The posts tagged with 'Microcontrollers' are listed below. You can get to each post by clicking the title in the list.
- GitBit - Connecting GitHub and littleBits
- Netduino Controlled by Kinect
- Netduino at the TriNUG
- Essential Electronics for Software Folk
GitBit - Connecting GitHub and littleBits
A few months back I was out with my sons at the Bellevue Mall. They were shopping for Lego, which is ironic considering my discovery that morning. As we passed the Marbles the Brain Store around the corner from the Lego store, I noticed the littleBits Synth Kit sitting on the shelf. See, littleBits are like the Lego of microcontrollers, and they'd just introduced the Synth Kit, which gives you the ability to create any range or combination of modular synthesizer built out of the very same "bits" - the Lego of microcontrollers - that littleBits had already rolled into their maker-inspired product line.
As the video below demonstrates, littleBits makes it child's play to create a synthesizer and to play your own original music on it. Gabriel puts together an itty-bitty little synth keyboard in moments on our kitchen countertop, and smiles with satisfaction as he tinkers away.
For Christmas, my brother-in-law picked up a cloudBit™ module for me, so I've been able to play with more of the littleBits modules unrelated to music. These devices are more appropriate for makers, for folks who are fans of LEDs and BLE, but targeted at folks who don't want to go deep with soldering or programming. At the same time, littleBits aren't toys; they've got servo and motor modules, light modules, dimmers, relays, a logic control sensors. In the project case below you'll see a few different things from littleBits:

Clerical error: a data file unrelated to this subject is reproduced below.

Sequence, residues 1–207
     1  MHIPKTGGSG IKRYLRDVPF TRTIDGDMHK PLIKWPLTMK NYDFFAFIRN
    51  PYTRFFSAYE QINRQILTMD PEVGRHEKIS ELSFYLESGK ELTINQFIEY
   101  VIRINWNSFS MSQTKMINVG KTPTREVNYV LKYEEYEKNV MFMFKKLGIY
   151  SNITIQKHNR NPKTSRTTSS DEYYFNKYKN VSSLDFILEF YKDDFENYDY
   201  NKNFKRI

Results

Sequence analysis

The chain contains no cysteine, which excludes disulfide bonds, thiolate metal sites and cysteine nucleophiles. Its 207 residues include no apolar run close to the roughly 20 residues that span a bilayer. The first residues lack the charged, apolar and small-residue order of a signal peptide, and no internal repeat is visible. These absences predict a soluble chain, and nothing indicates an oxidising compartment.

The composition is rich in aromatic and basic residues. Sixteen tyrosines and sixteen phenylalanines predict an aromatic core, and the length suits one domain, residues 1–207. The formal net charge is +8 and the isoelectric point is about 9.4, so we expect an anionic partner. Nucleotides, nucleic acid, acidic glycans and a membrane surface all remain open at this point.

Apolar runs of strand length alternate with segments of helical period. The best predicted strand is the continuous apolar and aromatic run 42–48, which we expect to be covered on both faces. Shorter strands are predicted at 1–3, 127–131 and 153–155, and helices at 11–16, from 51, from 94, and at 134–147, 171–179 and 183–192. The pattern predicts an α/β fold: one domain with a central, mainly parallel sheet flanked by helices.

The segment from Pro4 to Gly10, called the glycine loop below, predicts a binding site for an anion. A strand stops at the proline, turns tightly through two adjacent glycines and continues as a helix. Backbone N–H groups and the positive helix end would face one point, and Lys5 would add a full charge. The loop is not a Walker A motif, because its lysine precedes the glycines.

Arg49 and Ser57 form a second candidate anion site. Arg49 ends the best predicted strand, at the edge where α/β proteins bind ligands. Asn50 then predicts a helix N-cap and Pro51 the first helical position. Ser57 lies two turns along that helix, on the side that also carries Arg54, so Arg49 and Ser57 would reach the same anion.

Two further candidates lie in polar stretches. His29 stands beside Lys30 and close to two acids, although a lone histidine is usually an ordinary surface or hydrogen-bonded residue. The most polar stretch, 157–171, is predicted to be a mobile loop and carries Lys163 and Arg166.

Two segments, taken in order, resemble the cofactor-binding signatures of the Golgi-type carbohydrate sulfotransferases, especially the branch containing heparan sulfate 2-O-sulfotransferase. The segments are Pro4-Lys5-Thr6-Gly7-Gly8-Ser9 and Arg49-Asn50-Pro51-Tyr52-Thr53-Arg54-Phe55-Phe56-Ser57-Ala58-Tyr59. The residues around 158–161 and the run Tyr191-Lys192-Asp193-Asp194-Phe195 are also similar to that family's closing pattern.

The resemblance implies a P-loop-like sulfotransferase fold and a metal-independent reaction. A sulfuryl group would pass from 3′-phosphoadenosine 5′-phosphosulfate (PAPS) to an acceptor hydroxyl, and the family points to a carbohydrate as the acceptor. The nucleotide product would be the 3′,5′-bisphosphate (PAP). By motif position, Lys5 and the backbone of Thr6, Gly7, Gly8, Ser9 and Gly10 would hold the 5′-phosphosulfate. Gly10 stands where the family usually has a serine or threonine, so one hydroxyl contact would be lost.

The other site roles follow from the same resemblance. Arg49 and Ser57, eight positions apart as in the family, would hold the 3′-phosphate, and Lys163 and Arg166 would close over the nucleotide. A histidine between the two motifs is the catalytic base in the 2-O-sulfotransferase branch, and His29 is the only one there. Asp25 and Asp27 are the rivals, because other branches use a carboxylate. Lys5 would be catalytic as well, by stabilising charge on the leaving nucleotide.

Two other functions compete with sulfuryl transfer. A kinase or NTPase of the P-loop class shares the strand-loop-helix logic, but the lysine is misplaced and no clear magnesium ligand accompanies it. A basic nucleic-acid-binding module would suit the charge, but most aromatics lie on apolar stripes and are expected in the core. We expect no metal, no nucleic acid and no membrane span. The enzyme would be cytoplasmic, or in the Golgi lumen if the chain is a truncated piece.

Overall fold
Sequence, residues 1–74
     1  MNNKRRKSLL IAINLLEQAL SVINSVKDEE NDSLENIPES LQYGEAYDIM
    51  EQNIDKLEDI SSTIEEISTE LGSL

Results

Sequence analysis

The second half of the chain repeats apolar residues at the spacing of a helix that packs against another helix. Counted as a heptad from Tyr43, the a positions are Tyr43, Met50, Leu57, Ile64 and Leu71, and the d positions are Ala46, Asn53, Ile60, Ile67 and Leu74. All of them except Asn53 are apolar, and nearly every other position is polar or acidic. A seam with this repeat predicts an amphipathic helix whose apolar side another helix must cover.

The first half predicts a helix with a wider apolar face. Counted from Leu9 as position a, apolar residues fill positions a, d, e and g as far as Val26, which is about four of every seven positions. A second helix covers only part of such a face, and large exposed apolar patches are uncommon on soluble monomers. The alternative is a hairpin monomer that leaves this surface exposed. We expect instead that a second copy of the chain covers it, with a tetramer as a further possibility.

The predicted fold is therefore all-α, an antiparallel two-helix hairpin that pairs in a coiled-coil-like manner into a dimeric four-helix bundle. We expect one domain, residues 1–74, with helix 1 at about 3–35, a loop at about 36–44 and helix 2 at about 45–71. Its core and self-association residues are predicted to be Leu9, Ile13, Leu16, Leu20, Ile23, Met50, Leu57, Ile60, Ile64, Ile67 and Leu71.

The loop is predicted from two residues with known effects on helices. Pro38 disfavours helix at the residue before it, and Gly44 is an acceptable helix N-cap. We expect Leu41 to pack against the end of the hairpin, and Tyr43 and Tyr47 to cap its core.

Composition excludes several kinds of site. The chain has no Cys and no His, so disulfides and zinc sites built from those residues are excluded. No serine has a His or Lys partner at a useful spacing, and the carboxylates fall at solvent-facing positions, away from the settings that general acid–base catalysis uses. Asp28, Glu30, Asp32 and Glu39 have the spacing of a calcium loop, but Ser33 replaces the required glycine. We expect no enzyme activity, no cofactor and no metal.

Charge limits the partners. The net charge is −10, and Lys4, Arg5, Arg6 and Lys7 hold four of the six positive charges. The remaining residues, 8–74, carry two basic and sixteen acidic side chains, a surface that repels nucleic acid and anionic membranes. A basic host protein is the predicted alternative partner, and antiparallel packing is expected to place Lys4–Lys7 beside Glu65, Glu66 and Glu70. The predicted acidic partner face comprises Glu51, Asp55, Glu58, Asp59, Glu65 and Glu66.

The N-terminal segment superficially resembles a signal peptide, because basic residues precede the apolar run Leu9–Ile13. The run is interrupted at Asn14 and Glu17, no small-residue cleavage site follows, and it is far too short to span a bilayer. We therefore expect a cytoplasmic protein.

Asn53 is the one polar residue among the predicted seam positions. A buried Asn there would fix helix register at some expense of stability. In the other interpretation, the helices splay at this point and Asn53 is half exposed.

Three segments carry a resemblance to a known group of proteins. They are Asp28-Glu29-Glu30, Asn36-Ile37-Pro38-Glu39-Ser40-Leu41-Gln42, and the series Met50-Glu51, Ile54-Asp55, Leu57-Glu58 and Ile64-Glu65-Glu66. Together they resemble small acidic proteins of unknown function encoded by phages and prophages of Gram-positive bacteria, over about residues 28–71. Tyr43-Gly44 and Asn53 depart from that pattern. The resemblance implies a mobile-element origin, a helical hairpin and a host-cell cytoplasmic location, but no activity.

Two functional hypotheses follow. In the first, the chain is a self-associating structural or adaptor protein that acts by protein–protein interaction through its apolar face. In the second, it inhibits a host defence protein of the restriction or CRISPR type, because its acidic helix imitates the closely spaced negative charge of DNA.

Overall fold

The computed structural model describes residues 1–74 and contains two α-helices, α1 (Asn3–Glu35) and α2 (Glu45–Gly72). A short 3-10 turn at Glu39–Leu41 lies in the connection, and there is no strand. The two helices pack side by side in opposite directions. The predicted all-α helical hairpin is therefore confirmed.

I also made use of a project box I picked up from Radio Shack and previously drilled holes through, apparently. Which came in handy for this project.
My favorite part is that littleBits also gives opportunities to up-and-coming shops who decide to build awesome new bits the community can use. There's a bitLab section on the littleBits web site you can go to vote for and commit to buying new bits when they're released. The community littleBits has been able to build is enthusiastic, motivated, and young-at-heart. Most importantly, they're contributing back to littleBits and improving the product. It's awesome to see, as it is awesome to see some of the great press littleBits has received in the media and at CES recently.
Once I got my mounting board loaded with bits I plugged it into the USB power supply and put the top back on the box, being careful to pull the long LED through one of the pre-drilled holes and the USB power through another. Then, I stuck the long LED into the ceramic skull I recently made with Gabe at Paint Away, and made the notification light a little more interesting-looking (especially when the red power LED lights up in the inside of the skull).
So then I turned on a camera and my screen-recording software and took a video of GitBit working with the skull. You could come up with something else, but once you wire up your cloudBit™ you're ready. If you have a GitHub repository you can administer, you're ready to send messages to your littleBit circuit or invention.
Would you use something like this? I've seen a lot of cloudBit™ users popping up over the holidays, so I'm assuming at least a few of those net cloudBit™ owners are using .NET, so I'd be curious to see if anyone's tried the client library. If you do, let me know in GitHub what you think, and let's support littleBits growing community in the .NET development space.